The only way to do parallel processing in OCaml is thus multiprocessing + message passing. As I learned Jane Street wrote the Parallel library to support that:
"Parallel is a library for spawning processes on a cluster of machines, and passing typed messages between them. The aim is to make using another processes as easy as possible. Parallel was built to take advantage of multicore computers in OCaml, which can't use threads for parallelism due to it's non reentrant runtimeThe Facebook people went one step further: they
"...use the same model for multithreading: a speciallyThus they have multithreading without threads - a couple of processes sharing the memory space (or a part of it), faking the SMP model! You must admit it's rather brilliant - you spare yourself all that serialization, deserialization, and message passing that normally shave off a significant part of the performance.
mmap'd region shared between different
fork'd processes, containing a shared, lockless hash table. "
1. It supports functional style (but it allows dirty tricks when they must be done)
3. Not bound to Windows and .NET like F#
4. Not Haskell, you'll be able to read and understand it.***
And finally, maybe this whole multithreading business isn't worth the hassle? Facebook clearly need it, but Jane Street don't. I remember having heard Yaron Minsky (of Jane Street) saying somewhere that parallel processing plus message passing is a much safer model that multithreading. And in finance you need that safety.
I can accept this argument in a more general setting as well, because the only reason we have threads are performance gains (OK, a deceptively "natural" programming model too). And if the performance of forking + message passing is sufficient, that's definitely a gain! Jane Street does some massive parallel processing in real time, so the performance seems to be not that bad after all...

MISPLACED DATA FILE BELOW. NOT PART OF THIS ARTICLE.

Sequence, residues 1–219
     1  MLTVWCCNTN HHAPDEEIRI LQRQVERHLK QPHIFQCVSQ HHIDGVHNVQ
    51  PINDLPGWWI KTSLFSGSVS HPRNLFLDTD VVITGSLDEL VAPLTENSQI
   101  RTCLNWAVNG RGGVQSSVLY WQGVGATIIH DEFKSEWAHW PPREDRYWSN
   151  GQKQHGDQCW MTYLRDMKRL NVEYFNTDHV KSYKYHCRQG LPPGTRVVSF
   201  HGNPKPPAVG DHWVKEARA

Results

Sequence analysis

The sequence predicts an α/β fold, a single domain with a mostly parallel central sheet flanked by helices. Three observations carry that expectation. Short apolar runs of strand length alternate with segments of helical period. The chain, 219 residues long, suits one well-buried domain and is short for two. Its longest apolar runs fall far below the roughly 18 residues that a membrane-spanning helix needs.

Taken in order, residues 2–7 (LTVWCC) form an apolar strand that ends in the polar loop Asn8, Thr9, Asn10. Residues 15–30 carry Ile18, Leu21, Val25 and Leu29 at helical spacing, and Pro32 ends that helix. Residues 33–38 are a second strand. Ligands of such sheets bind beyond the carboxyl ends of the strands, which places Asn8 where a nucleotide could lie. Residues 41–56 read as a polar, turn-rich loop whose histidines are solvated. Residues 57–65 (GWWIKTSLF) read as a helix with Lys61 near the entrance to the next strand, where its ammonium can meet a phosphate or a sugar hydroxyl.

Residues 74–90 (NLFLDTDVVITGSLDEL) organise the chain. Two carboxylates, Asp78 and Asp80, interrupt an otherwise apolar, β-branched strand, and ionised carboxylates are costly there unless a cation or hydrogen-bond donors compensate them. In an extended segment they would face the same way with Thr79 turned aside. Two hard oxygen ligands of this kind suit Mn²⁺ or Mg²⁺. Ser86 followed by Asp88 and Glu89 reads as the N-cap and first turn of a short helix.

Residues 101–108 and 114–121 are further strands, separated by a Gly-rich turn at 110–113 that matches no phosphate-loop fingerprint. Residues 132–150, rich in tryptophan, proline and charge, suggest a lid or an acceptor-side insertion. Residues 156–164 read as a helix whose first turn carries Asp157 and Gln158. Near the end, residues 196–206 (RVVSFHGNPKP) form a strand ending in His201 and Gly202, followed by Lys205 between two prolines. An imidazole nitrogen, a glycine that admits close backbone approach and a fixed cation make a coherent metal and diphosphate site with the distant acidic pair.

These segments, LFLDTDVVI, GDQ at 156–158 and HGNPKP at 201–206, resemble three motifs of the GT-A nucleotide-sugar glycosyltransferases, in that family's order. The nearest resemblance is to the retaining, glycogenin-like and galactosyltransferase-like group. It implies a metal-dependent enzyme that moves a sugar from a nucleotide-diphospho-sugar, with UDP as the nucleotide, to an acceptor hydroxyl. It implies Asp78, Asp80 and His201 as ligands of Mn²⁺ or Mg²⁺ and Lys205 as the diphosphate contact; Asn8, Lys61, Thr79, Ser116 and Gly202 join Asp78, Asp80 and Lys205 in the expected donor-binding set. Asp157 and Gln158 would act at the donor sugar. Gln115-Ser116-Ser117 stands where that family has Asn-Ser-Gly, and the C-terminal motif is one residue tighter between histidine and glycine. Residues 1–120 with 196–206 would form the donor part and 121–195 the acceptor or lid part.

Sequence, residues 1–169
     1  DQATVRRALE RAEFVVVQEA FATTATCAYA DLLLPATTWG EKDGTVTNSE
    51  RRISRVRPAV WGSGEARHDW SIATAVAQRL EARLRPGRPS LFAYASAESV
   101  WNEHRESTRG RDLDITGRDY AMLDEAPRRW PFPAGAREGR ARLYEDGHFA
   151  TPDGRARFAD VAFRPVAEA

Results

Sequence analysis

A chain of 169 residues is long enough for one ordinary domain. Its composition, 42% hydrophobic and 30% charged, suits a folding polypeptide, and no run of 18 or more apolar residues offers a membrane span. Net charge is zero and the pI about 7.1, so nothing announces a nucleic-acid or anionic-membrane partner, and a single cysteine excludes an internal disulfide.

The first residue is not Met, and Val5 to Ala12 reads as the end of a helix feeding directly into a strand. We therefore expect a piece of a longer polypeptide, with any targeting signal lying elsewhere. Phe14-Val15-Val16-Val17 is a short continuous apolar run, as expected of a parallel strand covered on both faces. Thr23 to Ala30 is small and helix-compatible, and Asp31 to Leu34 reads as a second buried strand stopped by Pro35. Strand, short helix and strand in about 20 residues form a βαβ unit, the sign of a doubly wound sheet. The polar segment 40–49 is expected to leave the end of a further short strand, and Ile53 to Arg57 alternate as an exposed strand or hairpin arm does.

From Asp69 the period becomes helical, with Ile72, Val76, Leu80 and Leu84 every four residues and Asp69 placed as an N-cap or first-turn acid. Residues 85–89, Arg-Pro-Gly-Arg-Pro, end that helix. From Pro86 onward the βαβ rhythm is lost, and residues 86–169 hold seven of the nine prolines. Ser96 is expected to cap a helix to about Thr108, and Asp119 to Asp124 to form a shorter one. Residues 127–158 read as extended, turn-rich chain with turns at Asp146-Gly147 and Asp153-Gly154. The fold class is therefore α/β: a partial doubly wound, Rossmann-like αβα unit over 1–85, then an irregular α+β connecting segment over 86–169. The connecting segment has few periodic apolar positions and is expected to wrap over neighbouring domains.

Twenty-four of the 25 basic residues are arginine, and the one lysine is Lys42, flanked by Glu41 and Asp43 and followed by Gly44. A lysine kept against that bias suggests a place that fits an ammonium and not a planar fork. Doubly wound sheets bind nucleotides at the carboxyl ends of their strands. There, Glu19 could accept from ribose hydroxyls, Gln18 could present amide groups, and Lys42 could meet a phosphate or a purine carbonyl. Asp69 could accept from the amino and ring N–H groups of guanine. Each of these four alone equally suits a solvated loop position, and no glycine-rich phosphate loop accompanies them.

Or maybe the fork+pass model is slower, but they are gaining on the excellent low-latency CG? Jon Harrop puts it like that:
"OCaml has a nice (~10ms) low latency GC and it is easy to optimise OCaml code for low latency. In contrast, the .NET GC is much more complicated and, therefore, harder to optimise for and, in my experience, has >10x higher latency. I suspect that would be a major drawback for Jane Street."So before you port OCaml's GC to multicore, overcomplicating it and losing its excellent performance, maybe paying some price for the workarounds pays out better?
Having said that, there's recent work on improving the GC-performance even more, and even a new attempt on multicore OCaml. Maybe this time they will be successful. And be wary, not everyone likes OCaml, for some "OCAML sucks" - http://www.podval.org/~sds/ocaml-sucks.html!
Update: an impressive list of companies using OCaml: https://ocaml.org/learn/companies.html (via @). So it's not only Jane Street and Facebook!
Update2: Facebook continues working on OCaml ecosystem - Reason, a "new interface to OCaml" ... "provides a new syntax and toolchain for editing, building, and sharing code". Plus Infer - the iOS/Android app checking tool!
* "OCaml for the masses" - http://queue.acm.org/detail.cfm?id=2038036
** "The rise and fall of OCaml" - http://flyingfrogblog.blogspot.co.uk/2010/08/rise-and-fall-of-ocaml.html
*** As someone said, Haskell was created to do research on Haskell (and OCaml was created to write theorem provers).